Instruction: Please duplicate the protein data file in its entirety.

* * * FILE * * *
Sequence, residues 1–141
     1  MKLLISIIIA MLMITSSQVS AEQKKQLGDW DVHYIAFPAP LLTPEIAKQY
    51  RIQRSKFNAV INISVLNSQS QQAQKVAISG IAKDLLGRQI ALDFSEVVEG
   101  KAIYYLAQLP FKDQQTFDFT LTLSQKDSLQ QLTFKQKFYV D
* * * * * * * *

Sequence, residues 1–141
     1  MKLLISIIIA MLMITSSQVS AEQKKQLGDW DVHYIAFPAP LLTPEIAKQY
    51  RIQRSKFNAV INISVLNSQS QQAQKVAISG IAKDLLGRQI ALDFSEVVEG
   101  KAIYYLAQLP FKDQQTFDFT LTLSQKDSLQ QLTFKQKFYV D